Undaunted: My Fight Against America’s Enemies, At Home and Abroad Hardcover – Illustrated, 2 November 2020
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John Brennan is one of the hardest-working, most patriotic public servants I've ever seen, and our country is better off for it. As president, he was one of my closest advisors and a great friend. And in his memoir, Undaunted, you'll see why. I hope you'll read it.
--President Barack Obama
--The New York Times It's a full Brennan, from beginning to end. This is a headstrong and unapologetic book, one whose author tells us what he really thinks...
--The Washington Post Former CIA director Brennan gives a fly-on-the-wall view of life in Langley
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His personal accounts of work at CIA are bureaucratically interesting. Despite a less than stellar substantive reputation internally at the CIA, Brennan recounts that he established relationships with powerful mentors, enabling a successful career. HIs was a career path to dream of. An especially useful mentor was former director of central intelligence George Tenet. Young bureaucrats can learn a lot about the signs of a mentor-greased career path without learning much about how to duplicate it.
Accounts of key events are often superficial but usually contain bits of personal experience that historians will find useful. Scholars of intelligence also will be able to find useful anecdotes and data. He recounts his policymaking roles and many instances of the rapid emergence of his (in)famous temper, which incomprehensibly did not derail his career.
Brennan is highly inconsistent in his extensive discussion of the CIA. On the one hand, the finest people who ever walked the face of the earth allegedly work for CIA, but on the other the agency has made many mistakes and has many institutional deficiencies, including operational performance problems, a flawed culture, and the arrogance of many employees, a trait also cited by many other CIA people. Still, Brennan adopts the currently popular "truth to power" slogan to contrast CIA's alleged purpose and actual performance to Trump's character. This is, however, inaccurate as a description of the purpose of intelligence, which is more traditionally defined as collecting information and assessing it in ways that help improve senior-level decision-making, vent when assessments are incomplete and sometimes only partially accurate. He does so even while, like many others, noting the slow speed at which the intelligence community identified Russian meddling in 2016, a key part of the larger anti-Trump narrative. Brennan outlines five major changes he wanted to make at CIA when he became director in 2013. He accomplished at least some aspects of all of them.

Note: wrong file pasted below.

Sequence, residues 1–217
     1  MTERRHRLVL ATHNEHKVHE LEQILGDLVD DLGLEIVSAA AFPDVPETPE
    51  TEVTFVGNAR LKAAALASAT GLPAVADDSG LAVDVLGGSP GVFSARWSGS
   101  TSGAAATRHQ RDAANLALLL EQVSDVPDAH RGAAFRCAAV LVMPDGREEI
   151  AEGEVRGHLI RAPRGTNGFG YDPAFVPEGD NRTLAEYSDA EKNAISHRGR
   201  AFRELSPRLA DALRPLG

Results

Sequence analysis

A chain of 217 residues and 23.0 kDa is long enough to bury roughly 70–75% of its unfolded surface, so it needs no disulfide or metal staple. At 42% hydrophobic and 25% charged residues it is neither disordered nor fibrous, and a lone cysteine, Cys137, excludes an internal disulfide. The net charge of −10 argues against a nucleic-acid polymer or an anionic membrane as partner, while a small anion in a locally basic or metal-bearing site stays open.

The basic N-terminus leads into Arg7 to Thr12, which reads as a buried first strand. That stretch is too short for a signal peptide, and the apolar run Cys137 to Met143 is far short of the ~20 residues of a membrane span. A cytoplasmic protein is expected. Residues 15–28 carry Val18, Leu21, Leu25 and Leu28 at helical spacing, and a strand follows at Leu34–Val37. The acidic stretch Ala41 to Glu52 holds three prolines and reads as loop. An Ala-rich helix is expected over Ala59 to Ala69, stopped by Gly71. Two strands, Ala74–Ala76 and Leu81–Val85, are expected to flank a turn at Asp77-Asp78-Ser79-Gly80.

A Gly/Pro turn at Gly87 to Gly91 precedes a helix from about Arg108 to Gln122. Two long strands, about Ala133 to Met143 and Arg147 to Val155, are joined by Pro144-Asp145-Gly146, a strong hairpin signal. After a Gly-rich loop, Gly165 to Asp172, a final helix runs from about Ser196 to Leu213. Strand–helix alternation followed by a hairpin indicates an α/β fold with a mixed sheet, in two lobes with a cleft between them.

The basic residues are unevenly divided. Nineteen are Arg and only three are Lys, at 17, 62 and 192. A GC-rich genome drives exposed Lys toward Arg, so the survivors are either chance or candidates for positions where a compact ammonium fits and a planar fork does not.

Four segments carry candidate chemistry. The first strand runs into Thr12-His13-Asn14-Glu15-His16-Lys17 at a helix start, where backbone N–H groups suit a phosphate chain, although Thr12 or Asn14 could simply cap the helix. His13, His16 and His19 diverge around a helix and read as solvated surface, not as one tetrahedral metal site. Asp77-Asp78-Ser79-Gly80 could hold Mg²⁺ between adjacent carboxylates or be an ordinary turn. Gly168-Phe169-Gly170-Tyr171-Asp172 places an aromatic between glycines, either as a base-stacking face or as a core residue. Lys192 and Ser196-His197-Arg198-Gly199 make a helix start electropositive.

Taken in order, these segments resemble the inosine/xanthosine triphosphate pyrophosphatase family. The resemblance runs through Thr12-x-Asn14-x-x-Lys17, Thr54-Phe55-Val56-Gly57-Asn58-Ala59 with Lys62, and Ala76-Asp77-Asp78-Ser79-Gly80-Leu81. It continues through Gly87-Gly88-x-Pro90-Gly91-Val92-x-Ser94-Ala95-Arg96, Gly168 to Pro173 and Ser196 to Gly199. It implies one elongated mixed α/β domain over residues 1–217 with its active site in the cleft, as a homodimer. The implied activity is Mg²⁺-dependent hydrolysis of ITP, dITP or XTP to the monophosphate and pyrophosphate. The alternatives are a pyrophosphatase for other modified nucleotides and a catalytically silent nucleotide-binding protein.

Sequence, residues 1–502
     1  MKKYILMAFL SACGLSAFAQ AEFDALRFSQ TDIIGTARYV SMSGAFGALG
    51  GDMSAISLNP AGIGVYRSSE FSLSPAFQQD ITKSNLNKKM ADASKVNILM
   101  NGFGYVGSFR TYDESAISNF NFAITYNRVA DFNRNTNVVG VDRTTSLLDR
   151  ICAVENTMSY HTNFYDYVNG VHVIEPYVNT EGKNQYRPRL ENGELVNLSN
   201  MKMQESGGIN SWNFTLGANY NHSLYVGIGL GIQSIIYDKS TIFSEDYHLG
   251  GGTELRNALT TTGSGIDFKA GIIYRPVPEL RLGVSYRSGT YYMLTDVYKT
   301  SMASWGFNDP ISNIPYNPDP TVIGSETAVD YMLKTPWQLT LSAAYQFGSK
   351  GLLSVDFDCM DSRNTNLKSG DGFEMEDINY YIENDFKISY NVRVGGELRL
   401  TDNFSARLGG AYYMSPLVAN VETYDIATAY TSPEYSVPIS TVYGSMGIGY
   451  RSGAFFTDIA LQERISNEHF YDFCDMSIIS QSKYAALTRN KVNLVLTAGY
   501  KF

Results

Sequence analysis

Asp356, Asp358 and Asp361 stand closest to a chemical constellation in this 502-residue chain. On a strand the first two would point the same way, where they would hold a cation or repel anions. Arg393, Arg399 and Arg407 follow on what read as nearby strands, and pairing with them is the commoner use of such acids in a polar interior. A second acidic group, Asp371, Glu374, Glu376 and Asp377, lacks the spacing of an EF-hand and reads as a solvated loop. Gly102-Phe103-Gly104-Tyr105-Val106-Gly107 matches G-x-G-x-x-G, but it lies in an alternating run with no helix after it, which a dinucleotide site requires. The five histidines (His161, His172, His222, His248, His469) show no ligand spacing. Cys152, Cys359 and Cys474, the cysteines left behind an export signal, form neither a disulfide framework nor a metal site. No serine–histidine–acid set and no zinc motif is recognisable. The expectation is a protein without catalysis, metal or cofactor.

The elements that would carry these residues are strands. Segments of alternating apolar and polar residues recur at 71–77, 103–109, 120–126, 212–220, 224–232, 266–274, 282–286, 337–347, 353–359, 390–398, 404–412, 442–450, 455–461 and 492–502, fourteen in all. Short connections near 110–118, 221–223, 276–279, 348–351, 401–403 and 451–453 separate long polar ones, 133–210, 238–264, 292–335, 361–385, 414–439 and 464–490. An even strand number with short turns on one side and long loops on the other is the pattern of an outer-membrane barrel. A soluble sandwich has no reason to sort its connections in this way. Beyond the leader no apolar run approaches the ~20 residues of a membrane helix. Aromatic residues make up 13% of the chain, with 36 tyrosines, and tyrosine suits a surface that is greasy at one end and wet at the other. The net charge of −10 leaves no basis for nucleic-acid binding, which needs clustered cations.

He does not address why and how the insurrection of some intelligence officers since 2016 developed, despite the fact that other sources assert that he himself was a major cause. Brennan injected identify politics into the CIA and he encouraged his people after November 2016 to be political activists in opposition to imagined Trump administration threats to undo the "progress" he had made, particularly concerning personnel management issues. But he certainly confirms his own visceral disdain for Donald Trump. It just seems to be self-evidently obvious to him that Trump is very bad, and it is equally obvious how wonderful President Obama and his team were.
Brennan promises to continue to attack Trump. This attitude may gratify Trumpophobes, but it is hardly good analysis. It surely would not have survived management review in my time at CIA.
He also generally avoids the issue of whether intelligence agencies and leaders inappropriately targeted the Trump campaign in 2016. While this story is sill unfolding, he addresses few of the controversies, perhaps because he himself has been accused of inappropriate actions. There is, however, useful detail about the origin and staffing of the late 2016 assessment of the extent of Russian meddling, and Brennan reveals that some IC people, including CIA officers, did not share his "high confidence" in the estimate.
While this book will titillate some readers, serious students of international relations, American foreign policy-decision-making, and of intelligence will find useful material interspersed with gaping holes and questionable judgments. This book therefore should be used with considerable care.
Thank you Mr. Brennan. Thank you for your service. Thank you for your patriotism. Thank you for speaking the truth.